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ICANN tries to limit rogue registrars

Kevin Murphy, June 3, 2011, 09:23:36 (UTC), Domain Registrars

As part of its growing efforts to clean up the domain name registrar market, ICANN has introduced background checks for companies applying for accreditation.
ICANN will check criminal and financial records, as well as doing credit checks, on companies that want to be able to sell domains in gTLDs.
As a result, the cost of applying to become a registrar is going up by $1,000, to $3,500, to cover the cost of accessing the relevant third-party databases.
The changes, made largely at the behest of law enforcement participants in ICANN, concerned that some registrars are not what you’d call responsible netizens, come into effect July 1.
The intellectual property lobby had called for the checks to include cybersquatting and UDRP judgements, but those suggestions were not taken on board.

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Comments (4)

  1. Louise says:

    What about Registrars known to shelter malware sites? Serving malware goes against the Registrar/user agreement . . . If Registrars shelter instead of censure malware-servers, would that not qualify as criminal?
    What if the Registrar itself serves malware?
    (Smells like a Godaddy “affiliate.”) Think I’ll be needing to send another missive to Larry Strickling . . .

  2. Garth Bruen says:

    Great post as always Kevin, but there’s ONE problem. ICANN was supposed to be doing this all along and told me years ago they did this procedure for each Registrar already.
    This validates our claim that they haven’t been vetting Registrars at all (except validating the fee check$!)
    @Louise, we’ve got documented cases of BizCn violating ICANN rules in order to keep malware sites ACTIVE. Where’s the breach notice?

  3. J.Steven Livacich says:

    Garth Bruen seems to be right–as I would expect him to be (I have an account with”Knujon”)–it seemed to me that Internet Service Providers might also be held more responsible for bot-nets involving them and especially so when their clients are the exclusive or main victims of the bot-net. I might add that the Federal Government might have done much more of a, and a better job, administrating. It seems that the Office of Homeland Security left its administrative position with such responsibilities open for two years.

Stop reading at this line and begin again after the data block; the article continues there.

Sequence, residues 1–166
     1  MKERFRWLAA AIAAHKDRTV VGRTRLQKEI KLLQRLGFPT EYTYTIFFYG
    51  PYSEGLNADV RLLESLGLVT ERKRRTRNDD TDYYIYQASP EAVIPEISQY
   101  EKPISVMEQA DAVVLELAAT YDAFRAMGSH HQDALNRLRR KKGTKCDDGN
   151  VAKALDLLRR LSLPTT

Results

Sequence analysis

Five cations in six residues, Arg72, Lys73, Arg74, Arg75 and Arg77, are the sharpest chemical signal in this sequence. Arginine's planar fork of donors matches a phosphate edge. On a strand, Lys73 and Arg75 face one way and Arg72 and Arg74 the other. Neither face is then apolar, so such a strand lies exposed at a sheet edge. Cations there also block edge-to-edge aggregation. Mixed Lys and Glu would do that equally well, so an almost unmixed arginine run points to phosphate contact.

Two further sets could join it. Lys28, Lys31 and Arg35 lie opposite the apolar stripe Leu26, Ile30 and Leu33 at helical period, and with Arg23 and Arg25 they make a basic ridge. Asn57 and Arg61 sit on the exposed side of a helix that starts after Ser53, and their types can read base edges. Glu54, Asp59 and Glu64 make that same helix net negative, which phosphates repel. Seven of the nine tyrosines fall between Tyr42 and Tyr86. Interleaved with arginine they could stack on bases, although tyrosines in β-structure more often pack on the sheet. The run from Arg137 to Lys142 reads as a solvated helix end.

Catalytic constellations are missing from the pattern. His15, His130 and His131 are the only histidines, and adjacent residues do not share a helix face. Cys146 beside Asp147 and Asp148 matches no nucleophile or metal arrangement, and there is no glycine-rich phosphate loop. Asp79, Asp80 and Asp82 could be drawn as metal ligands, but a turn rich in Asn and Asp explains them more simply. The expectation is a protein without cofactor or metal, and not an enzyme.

People in the anti-war and pacifist communities have experienced getting viruses after viewing cyber-squater’s replica web site, while replica FBI web pages contain information as to how to avoid spam and malware as it “phishs” for personal information from Nigeria, etc.; and what was done about the “Trojan Horse” “XP 2008”–“XP 2009”, which the New York Times reported on and promised a report in 2008? Considering the magnitude of the problem we are ten years behind the presenting problems themselves–it is as if every city would liquidate their police forces and tell
    tell everyone to get a security guard. Steve

  4. Karen says:

    It’s been 2 years and yet BizCN continues to operate as usual. A registrant of BizCN has been using my email address to forge headers so that it appears I am sending the emails – which are a scam. The only domain name associated with the actual sender appears in a contact email address in the text message.
    I’ve repeatedly reported this abuse of my email address to BizCN and point out that the whois data for domain in the contact email doesn’t appear legit because the information for the physical address (street name and number, city, state, postal code and even country) and telephone number do not coincide. I also point out that there is no website associated with the domain, but now the registrant creates a new domain each week with different (falsified) contact information.
    The registrant initially used Regtime, but Regtime appears to have closed, at least temporarily, the fraudulent domains and has not allowed the owner to register any more domains. Okay, so the scammer has gotten a little more clever but I would think that registrars would be required to verify the whois contact information. Of course, BizCN is all too willing to close each domain when someone complains so that the registrant can then purchase a new domain or domains.
    How do I contact ICANN to report BizCN to them?

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